Come in from the cold and see some art: Free gallery admission January 10–February 7.
Il Treno di John Cage
A 1978 trip to Bologna to witness “a prepared train”—a happening on wheels, featuring John Cage and a host of Italian collaborators.
Germinal’s Brave New World
What does human communication mean in an age when so many of our interactions are mediated through technology? And how do the ways we connect dictate how we live together? In Halory Goerger and Antoine Defoort’s Germinal, four people work to create a new society from the rubble, writing—as theater scholar Kate Bredeson puts it—“a love letter to the ephemeral beauty of theater and human life.”
First Look: Announcing 16 New Artworks for the Expanded Minneapolis Sculpture Garden
Katharina Fritsch’s giant blue rooster. Commissions by Nairy Baghramian, Theaster Gates, Mark Manders, Philippe Parreno, and others. Sculptures by Sam Durant, Kcho, and Liz Larner. When the renovated Minneapolis Sculpture Garden opens in 2017, visitors will see the return of old favorites plus the arrival of 16 new works. Here’s a first look at the art and artists that’ll animate the new 19-acre campus.
Reconstructing Fragments: Rabih Mroué on Riding on a Cloud
In Rabih Mroue’s Riding on a Cloud, what at first seems to be a biography of his brother, Yasser—who in 1987 survived a sniper’s bullet in Beirut—expands to first tell a family story then a more universal tale. Discussing the work with Belgian curator Cis Bierinckx, the Berlin-based artist and director discusses the piece’s relationship to fact, fiction, absence, biography, and language.
Taste as a Political Matter: Coco Fusco on the Guerrilla Girls
Exploring NYC’s “nocturnal underworld” at age 24, Coco Fusco stumbled upon her “first encounter with a full-on feminist art intervention”: a show at the Palladium curated by the Guerrilla Girls. “This was an activist approach that I could connect with, as it spoke truth to power playfully, with wit and style,” she writes in honor of the Girls’ 30th anniversary—and one that influenced how she makes art today.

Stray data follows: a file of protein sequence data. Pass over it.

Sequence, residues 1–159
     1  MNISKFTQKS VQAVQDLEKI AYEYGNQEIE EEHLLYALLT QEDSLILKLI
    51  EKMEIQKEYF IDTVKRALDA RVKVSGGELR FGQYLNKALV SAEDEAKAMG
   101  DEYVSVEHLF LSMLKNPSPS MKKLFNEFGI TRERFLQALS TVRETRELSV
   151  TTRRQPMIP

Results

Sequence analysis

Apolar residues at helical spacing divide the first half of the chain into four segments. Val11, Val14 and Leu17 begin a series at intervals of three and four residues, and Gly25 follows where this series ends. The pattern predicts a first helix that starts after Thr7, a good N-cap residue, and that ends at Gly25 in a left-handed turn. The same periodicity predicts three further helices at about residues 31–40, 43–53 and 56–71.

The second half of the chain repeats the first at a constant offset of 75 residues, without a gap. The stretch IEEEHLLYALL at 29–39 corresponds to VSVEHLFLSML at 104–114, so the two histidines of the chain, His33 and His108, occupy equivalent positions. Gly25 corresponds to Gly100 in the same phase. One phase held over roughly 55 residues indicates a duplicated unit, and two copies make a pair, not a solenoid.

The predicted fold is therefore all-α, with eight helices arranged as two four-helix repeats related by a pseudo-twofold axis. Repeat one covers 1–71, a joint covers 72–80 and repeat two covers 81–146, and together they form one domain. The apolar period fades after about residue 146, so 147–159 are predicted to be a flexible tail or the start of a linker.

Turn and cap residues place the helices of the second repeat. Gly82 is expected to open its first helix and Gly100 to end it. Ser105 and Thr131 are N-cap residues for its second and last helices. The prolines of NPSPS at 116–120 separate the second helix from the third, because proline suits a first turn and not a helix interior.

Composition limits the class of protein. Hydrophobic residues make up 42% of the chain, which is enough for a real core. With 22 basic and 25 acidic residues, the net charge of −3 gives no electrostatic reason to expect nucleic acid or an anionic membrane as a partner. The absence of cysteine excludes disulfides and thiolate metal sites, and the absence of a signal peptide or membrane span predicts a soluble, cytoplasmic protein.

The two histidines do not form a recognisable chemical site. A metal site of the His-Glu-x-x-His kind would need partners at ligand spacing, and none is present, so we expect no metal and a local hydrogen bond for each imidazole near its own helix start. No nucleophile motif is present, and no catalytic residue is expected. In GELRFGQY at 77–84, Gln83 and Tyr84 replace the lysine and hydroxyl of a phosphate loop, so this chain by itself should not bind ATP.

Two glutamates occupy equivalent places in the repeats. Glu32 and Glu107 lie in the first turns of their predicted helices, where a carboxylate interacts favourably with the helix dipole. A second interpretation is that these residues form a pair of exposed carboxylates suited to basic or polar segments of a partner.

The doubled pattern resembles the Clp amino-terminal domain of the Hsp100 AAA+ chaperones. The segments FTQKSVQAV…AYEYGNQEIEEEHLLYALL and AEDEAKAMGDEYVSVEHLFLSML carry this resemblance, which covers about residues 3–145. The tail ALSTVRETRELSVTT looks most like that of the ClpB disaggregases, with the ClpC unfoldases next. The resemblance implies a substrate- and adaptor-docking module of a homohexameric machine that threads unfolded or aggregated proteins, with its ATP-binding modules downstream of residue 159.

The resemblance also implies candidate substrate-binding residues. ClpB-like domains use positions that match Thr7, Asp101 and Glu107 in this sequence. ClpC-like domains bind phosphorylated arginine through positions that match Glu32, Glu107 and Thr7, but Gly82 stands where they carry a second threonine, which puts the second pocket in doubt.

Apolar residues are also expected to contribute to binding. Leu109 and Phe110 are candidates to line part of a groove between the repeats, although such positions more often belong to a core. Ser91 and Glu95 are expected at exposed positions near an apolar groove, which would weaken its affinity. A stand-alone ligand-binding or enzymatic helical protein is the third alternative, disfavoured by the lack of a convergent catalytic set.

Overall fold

Daniel Fish’s Cold-Fusion
Daniel Fish’s aesthetic depends primarily upon “the ‘cold-fusion’ of elements (formal, stylistic/tonal, historical, thematic) that would generally be considered incompatible.” Here, in an interview with playwright Jerry Lieblich, Fish discusses how his work brings together recordings of David Foster Wallace, references to tennis star Tracy Austin, and his own background in Shakespearean theater.
Elvis, Roosevelt, and Living Life Through Someone Else
“In Vegas we saw this impersonator named ‘Big Elvis’ who was extraordinary: a 500–600-pound guy with a beautiful voice, he just sat in a chair and sang Elvis songs,” says the TEAM’s Rachel Chavkin on the genesis of RoosevElvis. But the multilayered “dramedy” transcends Elvis gags: featuring women as the King and Teddy Roosevelt, it offers a madcap exploration of gender, masculinity, class, and hero worship.
Allegories: The Memorial Paintings of Jack Whitten
“Through memory we reconstruct our past,” says Jack Whitten. “We honor the dead through memory.” Motivated by this idea, Whitten created a series of paintings honoring key people and events in his life and in American culture, from Lena Horne to MLK, the 9/11 attacks to the massacre at Sandy Hook Elementary School that occurred three years ago today. Here, a look at 13 of Whitten’s memorial paintings.
From the Black Panthers to Black Lives Matter
Black Lives Matter is the most significant broad-based human rights coalition for black Americans since the Civil Rights and Black Power movements. But the struggle today could not be fought in its current iterations without the contributions of Black Panthers artist Emory Douglas and others who illuminated hidden ugly racial truths in compelling and beautifully executed images.